Woman Placing Sticky Notes on Board
Credit: Compassionate Eye Foundation/Getty Images

As we grow older, we tend to become just a bit more forgetful. (Seriously, how many among you lost your keys this week or forgot where you parked your car in the mall?) But, there are more than a few ways you can keep your brain sharp well into your elder years. Here are a few scientifically-backed brain training exercises you can do just about anywhere and anytime to stay mentally sharp.

Draw a map

As Reader's Digest noted, cab drivers in London are required to memorize more than 25,000 streets across the city. And, because of this extraordinary task, neurologists at the University of London found that these drivers have significantly larger hippocampi, which is the region of the brain responsible for memory storage.

"We conclude that specific, enduring, structural brain changes in adult humans can be induced by biologically relevant behaviors engaging higher cognitive functions such as spatial memory, with significance for the "nature versus nurture" debate."

The best way to practice this behavior? Try memorizing the streets in your own hometown and draw a physical map of your neighborhood to see how many streets you can name.

Practice some old-school math problems

Look, math was far from our best subject either, but it's key to keep practicing those problems well into adulthood. And this time, it should be less stressful because nobody is grading you.

According to Ryuta Kawashima of Tohoku University, simple mathematical problems using addition and subtraction can boost activity levels in both left and right hemispheres of the frontal lobe.

"Anyone who has exercised knows that if you want to make a muscle stronger you have to subject it to strain, to push it beyond its comfort level. The brain is no different," Keith Devlin, executive director at the center for the study of language and information at Stanford University, California, and author of The Maths Gene, shared with The Guardian. Try these math Mind Games to get you started.

Share a story with friends

Storytelling may be one of the best ways to boost cognitive function in later years, according to researchers at the University of Missouri.

In one study, the group used TimeSlips, a "nationally recognized storytelling program for people with dementia" that encourages people to use their imaginations to create short stories, rather than factual recall.

"TimeSlips provides rich, engaging opportunities for persons with dementia to interact with others while exercising their individual strengths," Lorraine Phillips, assistant professor in the Sinclair School of Nursing, said in a statement. "It encourages participants to be actively involved and to experience moments of recognition, creation and celebration. Meaningful activities, such as TimeSlips, promote positive social environments that are central to person-centered care."

WATCH: Study Shows The Best Kinds of Friends Are The "Mean" Ones

Using the program, the researchers found that participants had increased expressions of pleasure and initiation of social communication. The effect lasted several weeks following the final session.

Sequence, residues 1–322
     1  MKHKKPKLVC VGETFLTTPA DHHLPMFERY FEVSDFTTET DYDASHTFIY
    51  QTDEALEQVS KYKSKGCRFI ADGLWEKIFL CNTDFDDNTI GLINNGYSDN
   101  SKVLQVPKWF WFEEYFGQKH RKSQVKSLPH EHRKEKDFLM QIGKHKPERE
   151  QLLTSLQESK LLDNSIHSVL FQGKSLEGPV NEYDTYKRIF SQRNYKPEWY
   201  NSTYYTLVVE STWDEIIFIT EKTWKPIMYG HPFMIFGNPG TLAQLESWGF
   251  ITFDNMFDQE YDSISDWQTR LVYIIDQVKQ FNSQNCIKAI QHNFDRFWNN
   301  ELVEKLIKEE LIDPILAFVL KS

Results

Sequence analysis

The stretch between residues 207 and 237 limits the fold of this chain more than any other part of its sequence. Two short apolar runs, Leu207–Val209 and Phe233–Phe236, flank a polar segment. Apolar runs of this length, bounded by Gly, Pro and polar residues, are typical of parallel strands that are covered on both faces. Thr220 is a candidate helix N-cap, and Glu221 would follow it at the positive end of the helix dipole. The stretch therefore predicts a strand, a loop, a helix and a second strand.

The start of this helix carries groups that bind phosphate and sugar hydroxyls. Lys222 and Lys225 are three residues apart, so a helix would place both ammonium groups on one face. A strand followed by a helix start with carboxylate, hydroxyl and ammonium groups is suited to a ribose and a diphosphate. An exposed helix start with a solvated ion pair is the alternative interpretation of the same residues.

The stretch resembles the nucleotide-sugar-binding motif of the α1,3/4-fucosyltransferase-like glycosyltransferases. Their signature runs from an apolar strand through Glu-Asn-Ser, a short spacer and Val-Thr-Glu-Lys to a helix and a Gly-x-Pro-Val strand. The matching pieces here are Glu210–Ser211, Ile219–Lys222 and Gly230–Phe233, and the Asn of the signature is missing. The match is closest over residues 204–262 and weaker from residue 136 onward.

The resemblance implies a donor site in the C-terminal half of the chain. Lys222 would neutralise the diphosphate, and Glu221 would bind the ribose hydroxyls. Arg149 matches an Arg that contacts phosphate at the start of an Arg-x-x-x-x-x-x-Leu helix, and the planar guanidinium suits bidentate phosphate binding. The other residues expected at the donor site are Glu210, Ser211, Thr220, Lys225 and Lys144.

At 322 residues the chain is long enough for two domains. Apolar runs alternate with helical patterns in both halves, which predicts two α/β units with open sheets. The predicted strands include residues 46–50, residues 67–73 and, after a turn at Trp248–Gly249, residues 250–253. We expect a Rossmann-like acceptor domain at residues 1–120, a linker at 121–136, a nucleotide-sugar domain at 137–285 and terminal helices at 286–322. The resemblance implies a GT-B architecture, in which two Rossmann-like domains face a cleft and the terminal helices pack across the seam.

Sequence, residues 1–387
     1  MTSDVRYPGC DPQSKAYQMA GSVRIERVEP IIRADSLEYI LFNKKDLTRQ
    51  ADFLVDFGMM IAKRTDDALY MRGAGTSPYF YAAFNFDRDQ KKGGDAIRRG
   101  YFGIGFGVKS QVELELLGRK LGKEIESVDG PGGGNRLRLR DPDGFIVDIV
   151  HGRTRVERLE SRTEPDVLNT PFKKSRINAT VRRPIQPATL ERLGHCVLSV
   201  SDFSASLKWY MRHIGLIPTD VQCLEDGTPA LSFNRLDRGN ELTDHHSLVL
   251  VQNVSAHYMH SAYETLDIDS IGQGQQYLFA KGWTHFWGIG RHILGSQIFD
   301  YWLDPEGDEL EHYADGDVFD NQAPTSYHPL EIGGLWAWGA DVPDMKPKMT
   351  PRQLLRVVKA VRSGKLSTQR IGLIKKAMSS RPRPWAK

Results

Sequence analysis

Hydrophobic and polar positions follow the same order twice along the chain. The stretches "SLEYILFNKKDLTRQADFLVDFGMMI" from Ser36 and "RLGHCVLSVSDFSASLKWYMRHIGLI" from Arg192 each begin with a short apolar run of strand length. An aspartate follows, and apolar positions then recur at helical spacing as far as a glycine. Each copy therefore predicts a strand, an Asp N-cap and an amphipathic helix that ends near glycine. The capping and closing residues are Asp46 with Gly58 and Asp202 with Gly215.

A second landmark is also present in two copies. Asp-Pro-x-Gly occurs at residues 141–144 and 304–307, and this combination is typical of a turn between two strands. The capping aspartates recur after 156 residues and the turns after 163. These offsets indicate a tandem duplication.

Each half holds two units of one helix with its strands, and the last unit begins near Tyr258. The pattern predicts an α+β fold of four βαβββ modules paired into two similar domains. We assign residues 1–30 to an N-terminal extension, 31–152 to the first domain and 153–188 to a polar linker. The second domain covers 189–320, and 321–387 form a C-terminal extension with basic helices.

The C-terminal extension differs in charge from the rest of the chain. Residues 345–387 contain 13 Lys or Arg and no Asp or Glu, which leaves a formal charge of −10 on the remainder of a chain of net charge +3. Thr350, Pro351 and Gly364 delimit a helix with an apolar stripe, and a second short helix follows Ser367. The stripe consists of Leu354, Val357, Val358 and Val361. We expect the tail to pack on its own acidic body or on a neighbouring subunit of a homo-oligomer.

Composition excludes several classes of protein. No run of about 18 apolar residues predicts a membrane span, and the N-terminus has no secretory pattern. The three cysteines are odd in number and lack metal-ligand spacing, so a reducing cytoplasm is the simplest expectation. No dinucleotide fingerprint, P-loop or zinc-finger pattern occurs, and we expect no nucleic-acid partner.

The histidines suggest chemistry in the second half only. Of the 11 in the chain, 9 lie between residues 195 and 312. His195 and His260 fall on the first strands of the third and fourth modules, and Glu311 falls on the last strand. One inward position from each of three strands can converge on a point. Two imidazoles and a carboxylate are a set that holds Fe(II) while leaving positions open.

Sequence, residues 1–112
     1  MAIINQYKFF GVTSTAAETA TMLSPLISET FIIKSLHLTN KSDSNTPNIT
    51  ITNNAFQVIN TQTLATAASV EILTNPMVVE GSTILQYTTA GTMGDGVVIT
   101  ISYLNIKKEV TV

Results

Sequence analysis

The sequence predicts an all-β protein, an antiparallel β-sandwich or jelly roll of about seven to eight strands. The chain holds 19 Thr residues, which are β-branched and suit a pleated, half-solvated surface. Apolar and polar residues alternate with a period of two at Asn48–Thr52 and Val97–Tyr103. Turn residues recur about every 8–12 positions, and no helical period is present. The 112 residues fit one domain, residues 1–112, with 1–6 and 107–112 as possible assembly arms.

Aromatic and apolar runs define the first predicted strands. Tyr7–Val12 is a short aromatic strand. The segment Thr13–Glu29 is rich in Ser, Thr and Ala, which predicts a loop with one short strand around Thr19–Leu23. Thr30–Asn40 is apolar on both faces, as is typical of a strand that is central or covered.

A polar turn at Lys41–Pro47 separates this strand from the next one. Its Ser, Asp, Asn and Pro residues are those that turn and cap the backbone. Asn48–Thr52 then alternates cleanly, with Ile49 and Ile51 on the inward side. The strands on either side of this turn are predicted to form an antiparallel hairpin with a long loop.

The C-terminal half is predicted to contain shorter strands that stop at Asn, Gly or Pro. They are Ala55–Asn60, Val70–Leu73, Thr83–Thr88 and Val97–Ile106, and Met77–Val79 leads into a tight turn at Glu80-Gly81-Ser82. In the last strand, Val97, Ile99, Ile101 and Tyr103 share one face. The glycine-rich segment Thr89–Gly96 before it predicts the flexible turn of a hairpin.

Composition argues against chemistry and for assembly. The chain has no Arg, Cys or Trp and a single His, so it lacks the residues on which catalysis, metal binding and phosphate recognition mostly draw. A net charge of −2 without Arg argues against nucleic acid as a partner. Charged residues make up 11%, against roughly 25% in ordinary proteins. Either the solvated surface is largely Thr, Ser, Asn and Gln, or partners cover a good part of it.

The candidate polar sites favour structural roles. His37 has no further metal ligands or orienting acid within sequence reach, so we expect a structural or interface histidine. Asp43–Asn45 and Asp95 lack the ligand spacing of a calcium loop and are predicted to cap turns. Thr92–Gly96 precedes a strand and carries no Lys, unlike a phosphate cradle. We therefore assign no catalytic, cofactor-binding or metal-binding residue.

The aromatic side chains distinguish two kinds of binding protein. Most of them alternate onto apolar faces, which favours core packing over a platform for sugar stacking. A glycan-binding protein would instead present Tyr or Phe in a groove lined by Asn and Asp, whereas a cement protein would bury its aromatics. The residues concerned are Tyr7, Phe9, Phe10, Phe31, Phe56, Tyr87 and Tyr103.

Take a foreign language class

Learning a new skill, like a new language, can do wonders for your long-term brain health. Several studies show that learning something new stretched out over a long period of time can protect an aging brain. And what better thing to learn than a new language, as it can also protect against late onset dementia.

"Our results suggest a protective effect of bilingualism against age‐related cognitive decline," research published in the Annals of Neurology wrote. "The effects are not explained by other variables, such as gender, socioeconomic status, or immigration. Importantly, we detected no negative effects of bilingualism. The cognitive effects of bilingualism showed a consistent pattern, affecting reading, verbal fluency, and general intelligence to a higher degree than memory, reasoning, and speed of processing."

Enroll in a class near you, or better yet, download an app like DuoLingo so you can practice anywhere.

Download a brain training app

Perhaps one of the easiest ways to protect your brain and boost your memory is to download a brain training app. But, be warned: Not all apps are created equal. According to an Australian study of the many brain training apps available to consumers, just BrainHQ and its competitor Cognifit have actual cognitive benefits. This, Fast Company wrote, is because both apps are focused on improving your brain's processing speed.

"You see an image in the center of your vision–for example, either a car or a truck–and at the same time, you see another image way off in your peripheral vision. The images are only on the screen for a brief period of time–well under a second," Dr. Henry Mahncke, CEO of Posit Science, shared with Fast Company. "You then have to say whether you saw the car or the truck in the center of your vision, and then you have to show where you saw the image in your peripheral vision. This challenges the speed and the accuracy of your visual system. And as you get faster and more accurate, the speed increases and the peripheral vision task gets more demanding–pushing your brain further."

Download the apps today and see for yourself just how much more you can remember tomorrow. Now, if only I could find my damn keys…